HaBayit shel Benji relies entirely on donations. It was built thanks to generous donors from around the world, with major support from The Legacy Heritage Fund (New York). Now that the project is up and running, it costs about two million sheqels a year to maintain the home and guidance center. Rurka is proud of the management team and its efforts to reduce costs while providing first-class services and amenities to the soldiers.
In addition to ongoing fundraising efforts, the Benji Hillman Foundation organizes an annual Walkathon in Raanana, where thousands of people raise money for the NGO by participating in the hike.
This past summer has been especially stressful for the staff and volunteers at HaBayit shel Benji. We all felt that we had 40+ children fighting. Whereas families who had one child fighting in Gaza experienced more than enough anxiety, we were worried about all our soldiers. We feel blessed that, except for a few scrapes and bruises, all of them came home safely, says Rurka.
What the residents have to say:
A.M., a lone female combat soldier from Russia: From day one I felt as though this was my home. I met amazing and loving people: the staff, the volunteers, and the other soldiers. The home itself is beautiful. It has everything I needed: delicious food lovingly prepared by volunteers, a room that was always clean and tidy, a club room where I could hang out with other soldiers and watch TV, staff that loves and cares for everyone, endless orders of pizza, fun weekends that were organized especially for us, and many other things.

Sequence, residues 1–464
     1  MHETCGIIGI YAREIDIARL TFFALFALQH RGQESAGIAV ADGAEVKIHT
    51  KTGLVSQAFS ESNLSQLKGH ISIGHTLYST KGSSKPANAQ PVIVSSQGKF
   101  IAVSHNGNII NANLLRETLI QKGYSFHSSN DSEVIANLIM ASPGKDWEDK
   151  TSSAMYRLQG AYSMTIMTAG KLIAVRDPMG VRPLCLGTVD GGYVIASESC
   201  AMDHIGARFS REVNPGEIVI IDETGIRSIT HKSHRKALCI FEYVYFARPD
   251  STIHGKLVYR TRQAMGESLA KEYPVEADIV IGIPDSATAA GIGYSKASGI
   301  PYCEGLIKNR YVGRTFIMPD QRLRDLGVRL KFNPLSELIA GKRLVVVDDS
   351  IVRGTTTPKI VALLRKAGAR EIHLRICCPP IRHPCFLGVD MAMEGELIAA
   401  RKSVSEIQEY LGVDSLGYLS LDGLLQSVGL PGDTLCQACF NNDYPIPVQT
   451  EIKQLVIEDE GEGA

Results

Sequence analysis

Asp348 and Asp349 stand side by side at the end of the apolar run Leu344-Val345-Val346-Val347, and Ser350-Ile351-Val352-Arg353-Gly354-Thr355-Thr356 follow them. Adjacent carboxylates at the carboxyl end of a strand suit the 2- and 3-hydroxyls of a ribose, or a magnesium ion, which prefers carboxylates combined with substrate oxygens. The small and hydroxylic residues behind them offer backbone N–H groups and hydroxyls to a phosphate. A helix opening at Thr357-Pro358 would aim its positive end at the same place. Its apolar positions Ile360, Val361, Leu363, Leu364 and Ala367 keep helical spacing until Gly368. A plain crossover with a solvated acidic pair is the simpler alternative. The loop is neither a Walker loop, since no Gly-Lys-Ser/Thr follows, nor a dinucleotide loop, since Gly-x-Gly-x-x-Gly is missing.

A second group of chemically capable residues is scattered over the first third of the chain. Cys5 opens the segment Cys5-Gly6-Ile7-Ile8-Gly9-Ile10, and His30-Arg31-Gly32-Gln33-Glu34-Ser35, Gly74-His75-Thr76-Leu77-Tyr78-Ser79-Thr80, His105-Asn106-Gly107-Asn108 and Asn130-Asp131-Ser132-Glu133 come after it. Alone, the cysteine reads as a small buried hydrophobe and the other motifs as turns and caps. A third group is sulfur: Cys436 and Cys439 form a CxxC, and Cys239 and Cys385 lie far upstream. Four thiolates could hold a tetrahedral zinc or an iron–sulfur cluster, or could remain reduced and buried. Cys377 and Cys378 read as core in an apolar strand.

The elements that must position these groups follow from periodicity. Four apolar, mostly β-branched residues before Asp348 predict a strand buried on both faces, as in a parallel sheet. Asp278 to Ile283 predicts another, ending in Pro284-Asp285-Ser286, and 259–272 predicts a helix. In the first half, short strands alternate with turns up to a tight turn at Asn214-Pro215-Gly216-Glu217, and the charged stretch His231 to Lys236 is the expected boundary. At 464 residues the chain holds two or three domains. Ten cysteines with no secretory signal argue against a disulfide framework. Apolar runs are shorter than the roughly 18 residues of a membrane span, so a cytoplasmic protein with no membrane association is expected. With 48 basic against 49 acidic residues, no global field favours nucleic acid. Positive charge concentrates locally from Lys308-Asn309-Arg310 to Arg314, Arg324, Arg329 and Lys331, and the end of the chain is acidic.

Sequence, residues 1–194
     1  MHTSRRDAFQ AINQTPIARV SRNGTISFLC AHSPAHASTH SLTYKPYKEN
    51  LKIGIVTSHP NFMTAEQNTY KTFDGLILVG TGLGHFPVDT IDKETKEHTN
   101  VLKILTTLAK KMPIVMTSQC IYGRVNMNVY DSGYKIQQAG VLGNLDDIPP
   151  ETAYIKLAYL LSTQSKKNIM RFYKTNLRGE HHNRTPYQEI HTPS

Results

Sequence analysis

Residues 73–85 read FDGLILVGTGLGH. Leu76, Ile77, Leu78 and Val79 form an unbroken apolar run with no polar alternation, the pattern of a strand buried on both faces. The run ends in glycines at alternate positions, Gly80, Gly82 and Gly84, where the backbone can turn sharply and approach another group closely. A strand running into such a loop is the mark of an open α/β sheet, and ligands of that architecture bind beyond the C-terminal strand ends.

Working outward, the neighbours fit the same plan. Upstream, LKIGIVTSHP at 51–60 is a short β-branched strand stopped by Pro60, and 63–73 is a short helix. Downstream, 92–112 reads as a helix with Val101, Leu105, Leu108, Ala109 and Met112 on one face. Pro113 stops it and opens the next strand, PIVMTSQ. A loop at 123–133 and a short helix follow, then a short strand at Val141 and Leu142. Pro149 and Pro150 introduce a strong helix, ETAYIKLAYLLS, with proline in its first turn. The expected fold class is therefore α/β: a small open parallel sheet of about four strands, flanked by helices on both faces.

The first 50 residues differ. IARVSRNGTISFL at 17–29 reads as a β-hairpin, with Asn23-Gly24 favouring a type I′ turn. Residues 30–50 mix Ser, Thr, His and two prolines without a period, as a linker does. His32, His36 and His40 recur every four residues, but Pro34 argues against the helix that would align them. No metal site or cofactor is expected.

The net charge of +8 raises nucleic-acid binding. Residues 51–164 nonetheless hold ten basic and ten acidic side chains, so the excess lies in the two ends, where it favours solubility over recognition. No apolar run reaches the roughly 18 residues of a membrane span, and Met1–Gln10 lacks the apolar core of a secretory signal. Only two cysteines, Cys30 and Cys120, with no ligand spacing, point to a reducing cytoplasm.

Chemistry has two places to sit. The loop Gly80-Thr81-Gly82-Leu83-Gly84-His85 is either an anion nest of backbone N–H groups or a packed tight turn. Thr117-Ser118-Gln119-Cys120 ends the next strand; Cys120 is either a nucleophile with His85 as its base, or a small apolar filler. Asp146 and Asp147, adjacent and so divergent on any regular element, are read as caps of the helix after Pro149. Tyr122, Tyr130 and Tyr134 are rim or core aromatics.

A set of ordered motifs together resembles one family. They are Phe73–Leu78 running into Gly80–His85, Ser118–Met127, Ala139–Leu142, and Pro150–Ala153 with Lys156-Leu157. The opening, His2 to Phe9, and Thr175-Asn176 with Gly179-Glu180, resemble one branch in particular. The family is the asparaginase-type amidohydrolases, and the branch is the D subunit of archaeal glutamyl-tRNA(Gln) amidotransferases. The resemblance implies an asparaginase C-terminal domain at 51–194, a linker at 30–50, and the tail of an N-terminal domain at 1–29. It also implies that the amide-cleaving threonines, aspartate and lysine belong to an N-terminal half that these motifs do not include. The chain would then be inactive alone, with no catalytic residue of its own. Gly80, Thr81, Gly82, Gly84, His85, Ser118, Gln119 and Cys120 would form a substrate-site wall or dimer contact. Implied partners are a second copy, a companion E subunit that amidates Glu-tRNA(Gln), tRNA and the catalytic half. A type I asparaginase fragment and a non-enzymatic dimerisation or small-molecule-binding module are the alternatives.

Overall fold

Yitzchak, a lone combat soldier from Brazil: I am a new immigrant from Brazil and had the privilege of living in HaBayit shel Benji and getting to know the amazing people who work so hard on a daily basis. I was recently released from the Golani Brigade and since then every step I have taken has been with the help of my mentor from the Guidance Center in HaBayit shel Benji. I found a flat, furniture and work and I am planning to study next year. All these things were made possible with the assistance of the Guidance Center and my mentor. And this is just the beginning!
O.U., a lone combat soldier from Israel: I grew up in boarding schools and I can truly say that HaBayit shel Benji gave me something that no other place gave me – the feeling that I was HOME, a place where people cared about me, who were there for me but also knew how to give me my space.
For more information about HaBayit shel Benji, go to www.benjihillman.org or call 09-7712723.